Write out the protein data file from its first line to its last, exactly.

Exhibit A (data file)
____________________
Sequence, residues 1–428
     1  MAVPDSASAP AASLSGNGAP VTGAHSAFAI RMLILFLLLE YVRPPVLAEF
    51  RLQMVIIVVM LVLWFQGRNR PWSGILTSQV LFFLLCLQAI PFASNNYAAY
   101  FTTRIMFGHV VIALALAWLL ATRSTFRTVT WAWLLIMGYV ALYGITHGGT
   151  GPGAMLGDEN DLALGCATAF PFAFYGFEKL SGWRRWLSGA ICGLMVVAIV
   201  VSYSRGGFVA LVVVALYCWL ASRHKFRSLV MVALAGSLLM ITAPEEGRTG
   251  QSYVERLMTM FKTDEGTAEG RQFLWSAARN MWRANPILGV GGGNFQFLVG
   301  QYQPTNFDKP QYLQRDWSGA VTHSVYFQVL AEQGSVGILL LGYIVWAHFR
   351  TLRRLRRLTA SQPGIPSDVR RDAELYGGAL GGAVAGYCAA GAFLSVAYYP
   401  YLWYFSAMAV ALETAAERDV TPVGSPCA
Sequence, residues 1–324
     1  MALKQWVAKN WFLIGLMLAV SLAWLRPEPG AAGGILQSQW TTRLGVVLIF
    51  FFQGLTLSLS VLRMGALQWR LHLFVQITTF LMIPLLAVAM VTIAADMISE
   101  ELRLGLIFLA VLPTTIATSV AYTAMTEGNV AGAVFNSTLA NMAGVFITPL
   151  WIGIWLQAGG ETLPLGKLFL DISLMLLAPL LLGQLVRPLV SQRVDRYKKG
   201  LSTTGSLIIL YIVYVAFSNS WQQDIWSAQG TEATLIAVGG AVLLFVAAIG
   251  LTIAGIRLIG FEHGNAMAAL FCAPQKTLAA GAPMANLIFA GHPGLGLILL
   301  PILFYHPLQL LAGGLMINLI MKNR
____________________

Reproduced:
Sequence, residues 1–428
     1  MAVPDSASAP AASLSGNGAP VTGAHSAFAI RMLILFLLLE YVRPPVLAEF
    51  RLQMVIIVVM LVLWFQGRNR PWSGILTSQV LFFLLCLQAI PFASNNYAAY
   101  FTTRIMFGHV VIALALAWLL ATRSTFRTVT WAWLLIMGYV ALYGITHGGT
   151  GPGAMLGDEN DLALGCATAF PFAFYGFEKL SGWRRWLSGA ICGLMVVAIV
   201  VSYSRGGFVA LVVVALYCWL ASRHKFRSLV MVALAGSLLM ITAPEEGRTG
   251  QSYVERLMTM FKTDEGTAEG RQFLWSAARN MWRANPILGV GGGNFQFLVG
   301  QYQPTNFDKP QYLQRDWSGA VTHSVYFQVL AEQGSVGILL LGYIVWAHFR
   351  TLRRLRRLTA SQPGIPSDVR RDAELYGGAL GGAVAGYCAA GAFLSVAYYP
   401  YLWYFSAMAV ALETAAERDV TPVGSPCA
Sequence, residues 1–324
     1  MALKQWVAKN WFLIGLMLAV SLAWLRPEPG AAGGILQSQW TTRLGVVLIF
    51  FFQGLTLSLS VLRMGALQWR LHLFVQITTF LMIPLLAVAM VTIAADMISE
   101  ELRLGLIFLA VLPTTIATSV AYTAMTEGNV AGAVFNSTLA NMAGVFITPL
   151  WIGIWLQAGG ETLPLGKLFL DISLMLLAPL LLGQLVRPLV SQRVDRYKKG
   201  LSTTGSLIIL YIVYVAFSNS WQQDIWSAQG TEATLIAVGG AVLLFVAAIG
   251  LTIAGIRLIG FEHGNAMAAL FCAPQKTLAA GAPMANLIFA GHPGLGLILL
   301  PILFYHPLQL LAGGLMINLI MKNR